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Gothic dating non goths

Around 100,000 Goths were reportedly killed in battle, and Ariaricus, son of the King of the Goths, was captured.

Around 160 AD, in Central Europe, the first movements of the Migration Period were occurring, as Germanic tribes began moving south-east from their ancestral lands at the mouth of River Vistula, putting pressure on the Germanic tribes from the north and east.

As a result, in episodes of Gothic and Vandal warfare Germanic tribes (Rugii, Goths, Gepids, Vandals, Burgundians, and others) Goths also served in the Roman military and played a limited role, e.g. In the first attested incursion in Thrace, the Goths were mentioned as Boranoi by Zosimus, and then as Boradoi by Gregory Thaumaturgus.

Around 275 the Goths launched a last major assault on Asia Minor, where piracy by Black Sea Goths was causing great trouble in Colchis, Pontus, Cappadocia, Galatia and even Cilicia.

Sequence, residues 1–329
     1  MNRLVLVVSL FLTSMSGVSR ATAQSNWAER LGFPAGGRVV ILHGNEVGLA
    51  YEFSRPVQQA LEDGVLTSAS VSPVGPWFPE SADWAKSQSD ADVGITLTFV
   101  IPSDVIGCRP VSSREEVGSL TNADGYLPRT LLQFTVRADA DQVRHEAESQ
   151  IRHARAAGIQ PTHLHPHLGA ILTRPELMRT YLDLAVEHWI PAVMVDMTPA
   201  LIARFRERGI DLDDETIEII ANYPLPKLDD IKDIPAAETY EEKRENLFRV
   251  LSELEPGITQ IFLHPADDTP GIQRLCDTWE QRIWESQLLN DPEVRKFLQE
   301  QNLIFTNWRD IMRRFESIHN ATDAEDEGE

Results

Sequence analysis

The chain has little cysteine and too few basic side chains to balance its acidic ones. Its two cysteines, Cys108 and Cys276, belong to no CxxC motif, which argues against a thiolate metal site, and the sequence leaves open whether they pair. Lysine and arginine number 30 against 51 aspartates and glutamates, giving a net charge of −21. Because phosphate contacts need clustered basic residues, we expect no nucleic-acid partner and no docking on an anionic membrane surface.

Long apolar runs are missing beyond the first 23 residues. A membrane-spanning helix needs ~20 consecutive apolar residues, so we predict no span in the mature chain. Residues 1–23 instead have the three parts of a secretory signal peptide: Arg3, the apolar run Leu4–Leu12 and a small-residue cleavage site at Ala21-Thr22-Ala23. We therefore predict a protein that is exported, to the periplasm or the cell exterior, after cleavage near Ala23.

In 270, after the death of Claudius, Goths under the leadership of Cannabaudes again launched an invasion on the Roman Empire, but were defeated by Aurelian, who however surrendered Dacia beyond the Danube.

Following the decisive Gothic victory at Adrianople, Julius, the magister militum Eastern Roman Empire, Although the Huns successfully subdued many of the Goths, who joined their ranks, a group of Goths led by Fritigern fled across the Danube.

Major sources for this period of Gothic history include Ammianus' Res gestae, which mentions Gothic involvement in the civil war between emperors Procopius and Valens of 365 and recounts the Gothic War (376-382).

This culture replaced the local Oxhöft or Oksywie culture in the 1st century AD, when a Scandinavian settlement developed in a buffer zone between the Oksywie culture and the Przeworsk culture. In fact, the Scandinavian influence on Pomerania and today's northern Poland from c.